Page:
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UPDATED: The University has published its views on the assumptions and approach to be adopted for the 2018 valuation.

This article was updated on 9 April 2019

The University submitted its views to UUK, which has responded to USS on behalf of all employers who participate in the scheme.

Read the University's response

UUK wrote to USS in March with a summary of employer responses to the consultation. The USS Trustee is expected to respond to UUK in early May. Originally the Trustee was expected to respond in early April, but this response has been delayed.

Employers were asked to comment on the assumptions to be used in the 2018 valuation, and in particular on the ‘contingent contributions’ being proposed. These would require members and employers to pay additional contributions into USS if the financial position of the scheme deteriorated significantly during the next valuation period. The University's response was broadly in line with those of other universities. 

The University supported UUK’s proposals as set out in the paper 2018 Valuation and Contingent Contributions dated 27 February 2019. These would result in an overall contribution rate to USS of 29.2 per cent, with 9.1 per cent to be paid by members and 20.1 per cent by employers. This is slightly higher than the overall rate of 28.3 per cent that will apply from 1 April 2019 under the first phase of cost-sharing, but significantly lower than the rates that would apply if the second and third phases of cost-sharing were implemented.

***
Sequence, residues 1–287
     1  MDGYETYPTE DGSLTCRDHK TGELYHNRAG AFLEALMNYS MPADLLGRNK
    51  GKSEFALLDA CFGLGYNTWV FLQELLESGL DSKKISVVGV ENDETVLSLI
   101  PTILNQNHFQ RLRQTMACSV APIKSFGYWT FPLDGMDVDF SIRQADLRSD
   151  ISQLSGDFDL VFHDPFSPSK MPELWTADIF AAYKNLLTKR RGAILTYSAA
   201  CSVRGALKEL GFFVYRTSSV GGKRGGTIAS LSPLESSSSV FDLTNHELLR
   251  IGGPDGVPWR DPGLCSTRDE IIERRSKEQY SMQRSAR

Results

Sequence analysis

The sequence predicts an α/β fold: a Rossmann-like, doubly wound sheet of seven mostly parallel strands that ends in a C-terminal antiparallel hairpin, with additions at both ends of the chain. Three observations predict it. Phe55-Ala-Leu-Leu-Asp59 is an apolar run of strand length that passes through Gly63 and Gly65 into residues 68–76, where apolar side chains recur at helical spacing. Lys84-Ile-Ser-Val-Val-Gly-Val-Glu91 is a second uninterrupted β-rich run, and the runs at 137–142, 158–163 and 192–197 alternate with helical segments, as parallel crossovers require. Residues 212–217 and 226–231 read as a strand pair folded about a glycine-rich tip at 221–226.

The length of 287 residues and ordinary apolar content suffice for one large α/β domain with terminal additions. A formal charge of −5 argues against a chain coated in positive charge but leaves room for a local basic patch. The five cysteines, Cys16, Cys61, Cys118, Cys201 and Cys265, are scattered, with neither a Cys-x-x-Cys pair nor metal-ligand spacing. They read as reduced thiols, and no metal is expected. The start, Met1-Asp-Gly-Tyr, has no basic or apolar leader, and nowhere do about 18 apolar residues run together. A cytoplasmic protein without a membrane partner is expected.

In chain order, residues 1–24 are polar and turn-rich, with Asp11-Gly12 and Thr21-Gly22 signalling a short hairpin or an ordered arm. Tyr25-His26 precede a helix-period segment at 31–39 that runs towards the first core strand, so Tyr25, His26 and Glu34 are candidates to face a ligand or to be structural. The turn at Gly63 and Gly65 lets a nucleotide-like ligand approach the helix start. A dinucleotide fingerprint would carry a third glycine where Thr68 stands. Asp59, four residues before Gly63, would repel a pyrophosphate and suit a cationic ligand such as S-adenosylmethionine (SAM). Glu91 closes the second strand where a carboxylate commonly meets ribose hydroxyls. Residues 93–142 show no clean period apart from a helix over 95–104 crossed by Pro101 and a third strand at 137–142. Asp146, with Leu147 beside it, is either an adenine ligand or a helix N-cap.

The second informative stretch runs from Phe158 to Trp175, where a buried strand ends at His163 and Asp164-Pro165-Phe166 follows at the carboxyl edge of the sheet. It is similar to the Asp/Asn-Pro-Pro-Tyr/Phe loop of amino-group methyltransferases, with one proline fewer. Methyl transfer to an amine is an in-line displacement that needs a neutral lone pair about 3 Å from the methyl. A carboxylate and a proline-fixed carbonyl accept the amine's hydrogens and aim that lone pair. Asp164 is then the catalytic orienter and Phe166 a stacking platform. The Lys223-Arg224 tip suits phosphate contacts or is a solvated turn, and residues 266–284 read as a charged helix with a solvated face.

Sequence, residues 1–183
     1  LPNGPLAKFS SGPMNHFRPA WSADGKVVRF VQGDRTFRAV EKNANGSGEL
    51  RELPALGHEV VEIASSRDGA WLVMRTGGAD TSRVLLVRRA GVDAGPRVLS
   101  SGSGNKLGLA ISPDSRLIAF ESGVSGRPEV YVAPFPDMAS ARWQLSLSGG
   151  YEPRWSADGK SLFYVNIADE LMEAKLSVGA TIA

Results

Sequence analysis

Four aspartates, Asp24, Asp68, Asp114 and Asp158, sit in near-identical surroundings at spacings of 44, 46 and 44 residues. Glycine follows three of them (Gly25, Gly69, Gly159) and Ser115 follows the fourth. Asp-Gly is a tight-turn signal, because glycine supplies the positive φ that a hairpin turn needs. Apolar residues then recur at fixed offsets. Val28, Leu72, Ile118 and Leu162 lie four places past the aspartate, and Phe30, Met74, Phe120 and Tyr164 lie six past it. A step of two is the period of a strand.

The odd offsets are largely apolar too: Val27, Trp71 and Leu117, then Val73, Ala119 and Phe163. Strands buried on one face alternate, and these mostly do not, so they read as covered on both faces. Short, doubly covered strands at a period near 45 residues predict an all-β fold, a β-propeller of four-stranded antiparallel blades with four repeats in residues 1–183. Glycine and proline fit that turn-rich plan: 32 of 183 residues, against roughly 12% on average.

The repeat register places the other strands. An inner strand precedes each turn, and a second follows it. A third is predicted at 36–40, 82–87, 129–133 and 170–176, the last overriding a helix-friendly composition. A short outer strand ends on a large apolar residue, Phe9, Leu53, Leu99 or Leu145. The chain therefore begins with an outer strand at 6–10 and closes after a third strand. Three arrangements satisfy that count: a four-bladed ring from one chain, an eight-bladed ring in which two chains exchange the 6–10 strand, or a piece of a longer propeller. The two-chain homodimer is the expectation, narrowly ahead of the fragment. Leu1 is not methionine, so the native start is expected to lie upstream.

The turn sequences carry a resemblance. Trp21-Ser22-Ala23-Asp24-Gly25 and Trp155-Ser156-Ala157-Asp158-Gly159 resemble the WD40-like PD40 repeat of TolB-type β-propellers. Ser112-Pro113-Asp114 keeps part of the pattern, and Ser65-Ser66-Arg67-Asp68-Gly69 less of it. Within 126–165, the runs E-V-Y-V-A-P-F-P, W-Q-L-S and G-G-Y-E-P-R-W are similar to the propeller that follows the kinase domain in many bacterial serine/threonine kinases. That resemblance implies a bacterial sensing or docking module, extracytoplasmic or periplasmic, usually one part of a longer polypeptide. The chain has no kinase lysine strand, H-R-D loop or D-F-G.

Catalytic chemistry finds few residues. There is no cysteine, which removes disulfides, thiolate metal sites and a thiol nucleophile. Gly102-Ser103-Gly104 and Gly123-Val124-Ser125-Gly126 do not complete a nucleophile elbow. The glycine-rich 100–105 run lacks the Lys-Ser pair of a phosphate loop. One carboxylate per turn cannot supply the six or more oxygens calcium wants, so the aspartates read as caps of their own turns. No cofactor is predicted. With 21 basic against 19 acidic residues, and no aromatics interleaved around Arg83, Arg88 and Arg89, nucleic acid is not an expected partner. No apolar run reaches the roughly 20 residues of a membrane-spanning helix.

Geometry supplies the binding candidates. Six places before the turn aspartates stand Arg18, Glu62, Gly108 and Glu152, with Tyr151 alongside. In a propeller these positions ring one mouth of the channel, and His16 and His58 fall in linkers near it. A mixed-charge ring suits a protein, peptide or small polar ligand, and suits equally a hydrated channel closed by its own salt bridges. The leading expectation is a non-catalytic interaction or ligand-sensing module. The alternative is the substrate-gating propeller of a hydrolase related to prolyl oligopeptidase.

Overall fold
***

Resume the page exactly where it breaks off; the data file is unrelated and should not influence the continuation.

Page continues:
UUK’s proposal also provides for contingent contributions of up to 3 per cent, to be split 65:35 between employers and members. These would only be triggered if the deficit reached £10billion over two consecutive quarters, and payment would be phased in in steps of 1 per cent and reviewed after one year. There would be a six-month notice period before the implementation of any contingent contributions.

In its response, the University noted that the contingent contribution mechanism, and the valuation approach more generally, should be reviewed at the earliest opportunity following the second phase of the Joint Expert Panel’s review of USS and its valuation methodology. It requested that there be an option to trigger a valuation as at 31 March 2020 if the JEP has completed its review by then.

In appendices to its consultation response, the University set out its own analysis of USS’s proposed approach to the valuation, to contingent contributions, and to the assessment of risk. On this analysis, the University believes the overall contribution rate could be as low as 29 per cent, with contingent contributions set at 2.5 per cent. It also outlined some alternative approaches to measuring scheme self-sufficiency that would produce less volatile results than the current measures, and so make long-term planning easier for both USS and employers.